One significant risk of estrogen therapy is blood clots, a known issue in people who produce estrogen on their own as well. If you smoke, that risk is greatly elevated, which is another excellent reason not to start smoking. People on estrogen therapy can also experience a loss of bone density, and your doctor may recommend supplements to address this problem. That fat migration that many people are excited about, because it changes their shape, can cause abdominal fat deposits, which are potentially dangerous. Estrogen can also contribute to the development of gallstones and high blood pressure. Some patients develop nausea, vomiting, or headaches — if these are severe, or they don’t stop as you get used to the medication, you should talk to your doctor.
Liver stress is another issue, because your liver is responsible for processing these drugs, so your doctor may recommend periodic liver enzyme level testing to keep an eye on things. You may also want to discuss whether you should make some lifestyle or health care changes, like drinking less or avoiding certain medications, to protect your liver. This can be especially important with psychiatric medication, as many psychiatric drugs, like depakote, interact with your liver. Make sure all members of your health care team know you are on HRT so they can work around potential drug interactions.
Anti-androgens, which are processed by your kidneys, can carry a separate risk of kidney problems. It’s important to stay hydrated, discuss potential drug interactions with your doctor, and get regular bloodwork to check your levels. While estrogen can cause high blood pressure, anti-androgens can potentially cause low blood pressure and cardiac arrythmias. Some people develop skin rashes, which should always be reported to your doctor.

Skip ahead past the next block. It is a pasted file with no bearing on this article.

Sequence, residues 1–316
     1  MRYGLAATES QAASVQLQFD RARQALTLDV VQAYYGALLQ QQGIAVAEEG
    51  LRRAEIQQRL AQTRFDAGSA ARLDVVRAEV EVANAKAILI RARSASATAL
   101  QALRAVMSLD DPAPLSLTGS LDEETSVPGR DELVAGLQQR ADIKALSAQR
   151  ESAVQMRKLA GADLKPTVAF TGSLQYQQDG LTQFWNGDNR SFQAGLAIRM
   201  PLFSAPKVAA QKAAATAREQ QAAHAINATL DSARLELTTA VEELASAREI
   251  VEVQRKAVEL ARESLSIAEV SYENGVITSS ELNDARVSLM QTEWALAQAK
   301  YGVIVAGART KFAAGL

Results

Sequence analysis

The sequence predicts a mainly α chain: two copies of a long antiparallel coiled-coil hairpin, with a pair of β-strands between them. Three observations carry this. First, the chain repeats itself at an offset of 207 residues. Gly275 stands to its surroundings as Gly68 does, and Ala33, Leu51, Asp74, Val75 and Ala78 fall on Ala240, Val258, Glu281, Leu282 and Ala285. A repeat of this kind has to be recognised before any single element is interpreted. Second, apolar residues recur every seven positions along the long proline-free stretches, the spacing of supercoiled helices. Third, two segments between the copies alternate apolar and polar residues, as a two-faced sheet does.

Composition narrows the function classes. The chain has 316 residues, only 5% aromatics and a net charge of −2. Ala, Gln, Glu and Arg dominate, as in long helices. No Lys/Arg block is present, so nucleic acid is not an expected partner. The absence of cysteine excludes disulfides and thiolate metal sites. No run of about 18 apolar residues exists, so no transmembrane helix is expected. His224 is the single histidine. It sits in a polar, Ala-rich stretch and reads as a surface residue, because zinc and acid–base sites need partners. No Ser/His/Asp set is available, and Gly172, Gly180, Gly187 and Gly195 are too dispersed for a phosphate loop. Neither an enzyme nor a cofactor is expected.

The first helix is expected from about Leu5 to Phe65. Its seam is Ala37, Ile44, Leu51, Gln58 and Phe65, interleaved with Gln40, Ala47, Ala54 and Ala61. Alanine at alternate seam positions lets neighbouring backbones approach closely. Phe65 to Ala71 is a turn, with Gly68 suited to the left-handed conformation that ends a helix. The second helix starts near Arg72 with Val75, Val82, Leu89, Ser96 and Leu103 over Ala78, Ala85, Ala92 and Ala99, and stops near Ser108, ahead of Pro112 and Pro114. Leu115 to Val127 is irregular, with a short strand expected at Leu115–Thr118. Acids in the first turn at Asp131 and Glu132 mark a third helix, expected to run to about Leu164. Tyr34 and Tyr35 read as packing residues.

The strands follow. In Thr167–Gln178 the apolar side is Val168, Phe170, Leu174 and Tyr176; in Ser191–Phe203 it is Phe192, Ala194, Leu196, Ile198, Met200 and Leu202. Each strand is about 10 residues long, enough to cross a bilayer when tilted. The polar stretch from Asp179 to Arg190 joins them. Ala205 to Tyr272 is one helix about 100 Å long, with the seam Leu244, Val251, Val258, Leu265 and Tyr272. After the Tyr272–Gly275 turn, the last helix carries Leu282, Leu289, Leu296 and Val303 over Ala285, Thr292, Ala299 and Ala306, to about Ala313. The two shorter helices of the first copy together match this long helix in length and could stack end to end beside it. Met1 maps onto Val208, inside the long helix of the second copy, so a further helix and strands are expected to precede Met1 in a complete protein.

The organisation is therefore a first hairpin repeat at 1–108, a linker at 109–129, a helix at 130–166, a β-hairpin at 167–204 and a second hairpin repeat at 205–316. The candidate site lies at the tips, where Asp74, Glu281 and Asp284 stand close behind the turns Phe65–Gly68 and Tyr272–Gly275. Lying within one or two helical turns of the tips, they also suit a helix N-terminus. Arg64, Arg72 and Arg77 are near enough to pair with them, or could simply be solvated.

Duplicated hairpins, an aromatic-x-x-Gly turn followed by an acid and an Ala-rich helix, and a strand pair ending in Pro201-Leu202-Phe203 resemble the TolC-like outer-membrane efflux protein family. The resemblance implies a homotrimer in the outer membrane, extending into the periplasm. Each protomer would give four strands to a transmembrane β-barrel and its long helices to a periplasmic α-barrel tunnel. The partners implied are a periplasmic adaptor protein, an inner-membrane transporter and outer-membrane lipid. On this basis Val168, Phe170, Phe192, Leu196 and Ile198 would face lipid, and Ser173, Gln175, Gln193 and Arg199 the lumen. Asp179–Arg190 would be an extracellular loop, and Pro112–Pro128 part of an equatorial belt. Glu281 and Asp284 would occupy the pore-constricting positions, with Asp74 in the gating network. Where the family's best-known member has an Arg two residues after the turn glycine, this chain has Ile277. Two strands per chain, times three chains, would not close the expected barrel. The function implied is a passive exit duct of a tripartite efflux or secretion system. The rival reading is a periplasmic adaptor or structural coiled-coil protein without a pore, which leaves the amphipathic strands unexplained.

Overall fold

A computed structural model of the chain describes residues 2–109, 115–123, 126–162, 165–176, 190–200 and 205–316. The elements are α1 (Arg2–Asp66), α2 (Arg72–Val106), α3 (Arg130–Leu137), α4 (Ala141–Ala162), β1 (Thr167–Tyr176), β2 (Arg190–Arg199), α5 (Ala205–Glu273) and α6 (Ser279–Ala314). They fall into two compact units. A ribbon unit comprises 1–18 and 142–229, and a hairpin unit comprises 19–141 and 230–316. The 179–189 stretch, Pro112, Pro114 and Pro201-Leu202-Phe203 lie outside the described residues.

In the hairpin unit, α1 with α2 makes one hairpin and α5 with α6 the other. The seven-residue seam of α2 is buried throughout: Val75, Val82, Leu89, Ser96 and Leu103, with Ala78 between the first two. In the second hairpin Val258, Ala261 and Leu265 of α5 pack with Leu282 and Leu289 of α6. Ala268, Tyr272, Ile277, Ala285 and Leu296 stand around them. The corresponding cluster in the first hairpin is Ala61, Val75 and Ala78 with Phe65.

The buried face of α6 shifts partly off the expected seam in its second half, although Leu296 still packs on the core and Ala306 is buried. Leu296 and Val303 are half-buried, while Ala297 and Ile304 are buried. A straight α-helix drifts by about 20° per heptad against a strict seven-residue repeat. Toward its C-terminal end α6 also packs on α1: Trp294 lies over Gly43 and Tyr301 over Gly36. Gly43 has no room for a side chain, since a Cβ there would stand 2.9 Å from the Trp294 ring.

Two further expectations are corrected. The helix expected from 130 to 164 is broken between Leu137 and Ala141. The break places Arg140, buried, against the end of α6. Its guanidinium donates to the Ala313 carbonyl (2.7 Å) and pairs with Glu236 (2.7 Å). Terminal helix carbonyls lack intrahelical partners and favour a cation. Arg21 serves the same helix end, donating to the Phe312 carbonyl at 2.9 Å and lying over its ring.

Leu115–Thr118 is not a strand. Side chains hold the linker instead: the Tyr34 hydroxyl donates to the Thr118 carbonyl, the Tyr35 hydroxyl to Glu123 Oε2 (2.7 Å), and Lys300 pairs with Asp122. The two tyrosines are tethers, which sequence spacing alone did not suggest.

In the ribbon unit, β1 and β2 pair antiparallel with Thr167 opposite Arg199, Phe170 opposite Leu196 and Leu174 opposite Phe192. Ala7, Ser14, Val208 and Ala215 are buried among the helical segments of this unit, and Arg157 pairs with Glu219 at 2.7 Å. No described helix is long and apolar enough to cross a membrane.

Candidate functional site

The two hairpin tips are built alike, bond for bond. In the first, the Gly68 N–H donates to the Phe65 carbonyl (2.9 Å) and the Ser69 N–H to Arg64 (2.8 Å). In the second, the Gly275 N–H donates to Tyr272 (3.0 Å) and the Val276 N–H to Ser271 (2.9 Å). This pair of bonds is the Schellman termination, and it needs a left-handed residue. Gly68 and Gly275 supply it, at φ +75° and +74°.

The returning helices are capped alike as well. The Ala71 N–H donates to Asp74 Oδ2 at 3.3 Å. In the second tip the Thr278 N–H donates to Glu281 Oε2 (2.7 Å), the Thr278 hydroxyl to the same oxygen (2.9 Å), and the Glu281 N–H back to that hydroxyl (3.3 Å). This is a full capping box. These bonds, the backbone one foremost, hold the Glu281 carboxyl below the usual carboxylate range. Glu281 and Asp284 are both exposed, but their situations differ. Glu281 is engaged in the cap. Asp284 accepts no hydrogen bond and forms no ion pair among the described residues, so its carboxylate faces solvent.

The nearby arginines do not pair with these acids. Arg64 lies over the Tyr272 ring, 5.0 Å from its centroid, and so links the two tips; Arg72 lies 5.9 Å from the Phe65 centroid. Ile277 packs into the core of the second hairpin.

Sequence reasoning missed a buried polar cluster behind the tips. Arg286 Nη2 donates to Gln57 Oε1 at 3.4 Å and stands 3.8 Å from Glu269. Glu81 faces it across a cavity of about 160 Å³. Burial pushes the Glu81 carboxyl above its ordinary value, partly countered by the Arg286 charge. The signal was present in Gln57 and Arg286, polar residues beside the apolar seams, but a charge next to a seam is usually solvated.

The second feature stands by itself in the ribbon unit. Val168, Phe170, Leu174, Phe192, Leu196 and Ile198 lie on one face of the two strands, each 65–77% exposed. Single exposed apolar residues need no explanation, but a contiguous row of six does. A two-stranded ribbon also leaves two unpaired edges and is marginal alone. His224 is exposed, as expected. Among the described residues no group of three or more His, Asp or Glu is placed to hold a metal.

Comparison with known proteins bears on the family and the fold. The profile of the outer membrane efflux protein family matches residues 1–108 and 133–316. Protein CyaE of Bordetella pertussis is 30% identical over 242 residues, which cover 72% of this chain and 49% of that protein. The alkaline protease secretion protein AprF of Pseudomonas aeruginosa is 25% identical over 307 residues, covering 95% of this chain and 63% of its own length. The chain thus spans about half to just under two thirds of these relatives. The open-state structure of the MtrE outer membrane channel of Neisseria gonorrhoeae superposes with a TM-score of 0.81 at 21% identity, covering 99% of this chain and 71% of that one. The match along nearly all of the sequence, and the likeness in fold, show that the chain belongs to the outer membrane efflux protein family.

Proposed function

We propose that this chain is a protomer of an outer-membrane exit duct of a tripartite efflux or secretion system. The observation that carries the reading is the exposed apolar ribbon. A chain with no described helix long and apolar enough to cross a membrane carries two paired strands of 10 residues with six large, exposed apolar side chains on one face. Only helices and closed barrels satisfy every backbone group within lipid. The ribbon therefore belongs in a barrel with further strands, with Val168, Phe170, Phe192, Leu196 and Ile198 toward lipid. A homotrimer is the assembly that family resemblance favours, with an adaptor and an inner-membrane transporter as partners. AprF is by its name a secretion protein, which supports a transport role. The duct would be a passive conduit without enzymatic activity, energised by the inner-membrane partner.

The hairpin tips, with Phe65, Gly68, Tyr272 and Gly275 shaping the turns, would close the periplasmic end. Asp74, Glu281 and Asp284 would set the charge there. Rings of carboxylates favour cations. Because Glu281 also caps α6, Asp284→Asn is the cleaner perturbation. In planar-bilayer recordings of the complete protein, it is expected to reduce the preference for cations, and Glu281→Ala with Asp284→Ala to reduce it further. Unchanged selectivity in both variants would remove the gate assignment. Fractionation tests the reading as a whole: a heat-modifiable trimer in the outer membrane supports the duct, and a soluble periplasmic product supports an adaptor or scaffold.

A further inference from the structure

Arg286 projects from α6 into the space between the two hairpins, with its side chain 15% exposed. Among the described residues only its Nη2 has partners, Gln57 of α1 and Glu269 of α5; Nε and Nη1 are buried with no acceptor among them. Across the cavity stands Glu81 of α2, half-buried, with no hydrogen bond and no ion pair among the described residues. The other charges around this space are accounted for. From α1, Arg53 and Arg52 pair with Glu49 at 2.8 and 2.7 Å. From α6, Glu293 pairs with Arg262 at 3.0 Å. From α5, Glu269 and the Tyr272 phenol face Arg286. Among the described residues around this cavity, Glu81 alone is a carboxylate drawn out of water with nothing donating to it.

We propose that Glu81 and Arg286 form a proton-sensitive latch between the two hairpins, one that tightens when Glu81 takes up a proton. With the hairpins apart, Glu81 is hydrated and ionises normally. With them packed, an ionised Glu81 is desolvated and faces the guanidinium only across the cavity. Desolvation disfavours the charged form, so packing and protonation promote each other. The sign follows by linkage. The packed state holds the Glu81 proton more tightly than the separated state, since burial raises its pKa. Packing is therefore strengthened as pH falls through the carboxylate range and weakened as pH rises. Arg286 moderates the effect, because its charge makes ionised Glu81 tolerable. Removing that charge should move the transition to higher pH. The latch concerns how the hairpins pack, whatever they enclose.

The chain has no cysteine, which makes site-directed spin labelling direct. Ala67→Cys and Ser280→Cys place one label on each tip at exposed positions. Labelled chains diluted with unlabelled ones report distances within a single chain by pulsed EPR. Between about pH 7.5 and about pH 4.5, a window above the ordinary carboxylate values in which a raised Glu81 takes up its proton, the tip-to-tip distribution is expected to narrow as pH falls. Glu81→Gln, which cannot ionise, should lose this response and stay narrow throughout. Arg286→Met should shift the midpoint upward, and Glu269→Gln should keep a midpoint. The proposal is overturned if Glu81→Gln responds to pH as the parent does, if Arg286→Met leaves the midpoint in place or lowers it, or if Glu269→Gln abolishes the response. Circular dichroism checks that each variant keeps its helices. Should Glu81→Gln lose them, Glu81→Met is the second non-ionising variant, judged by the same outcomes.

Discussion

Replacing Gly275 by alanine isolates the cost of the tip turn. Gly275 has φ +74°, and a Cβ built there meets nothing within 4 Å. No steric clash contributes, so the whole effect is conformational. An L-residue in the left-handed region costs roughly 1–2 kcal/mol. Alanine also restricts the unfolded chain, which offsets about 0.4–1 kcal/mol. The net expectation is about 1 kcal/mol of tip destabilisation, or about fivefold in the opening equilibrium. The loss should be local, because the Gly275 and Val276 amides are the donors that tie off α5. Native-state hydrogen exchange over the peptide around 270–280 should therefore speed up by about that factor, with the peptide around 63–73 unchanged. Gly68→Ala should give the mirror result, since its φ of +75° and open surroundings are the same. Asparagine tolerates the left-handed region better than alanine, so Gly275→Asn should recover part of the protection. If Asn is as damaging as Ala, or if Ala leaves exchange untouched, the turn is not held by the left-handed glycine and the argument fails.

Fertility is also a concern. Though changes from hormones are theoretically reversible, we don’t know enough about fertility after cessation of HRT, because it’s not an issue that comes up very frequently. We do know that estrogen and anti-androgens make it harder to produce sperm. If you are worried about contributing your genetic material to a child in the future, you should talk about sperm banking before you start HRT. If thinking about that seems a little intense right now, you might want to take some more time to think!
What are the side effects?
I’m separating these out from “risks” because they involve the effects of estrogen and anti-androgens on your body. Some side effects, like breast growth, softer and more sensitive skin, and fat migration, are desirable. You will also notice a decreased sex drive, fewer erections, a reduction in ejaculate volume, slower facial and body hair growth, and a reduction or complete stop in balding — something you probably aren’t experiencing yet, we hope. These changes (with the exception of breast growth) are reversible: if you stop taking estrogen, your body will reorient itself, and you need to stay on HRT for life.
Many people experience emotional changes on HRT, and no, not for the stereotypical reasons. With the right hormones in your body, you may feel calmer, more relaxed, and better able to handle the problems of the world. The physical changes may also be very affirming, and while HRT can’t magically fix body image issues, it can definitely be a step in the right direction: being more comfortable with who you see in the mirror can make you feel a whole lot more confident. Simply progressing on the pathway to transition also makes a difference for some people, who may find that HRT helps with depression and anxiety by giving them something positive to focus on.
It usually takes about two years for your body to “settle” on HRT, which is good to keep in mind if you are considering breast augmentation. It’s a good idea to let your breasts fully develop so you know what you have to work with before you meet with a reconstructive surgeon.
One “benefit” of growing breasts is that you may be at risk for breast cancer, although the jury is still out. We do know that people with a family history of breast cancer are at higher risk, and adding estrogen to your body could elevate that risk. Talk to your doctor about your family history to determine if you need to take special care with screening or preventative care. You just grew those babies, you don’t want to have to send them back to the factory!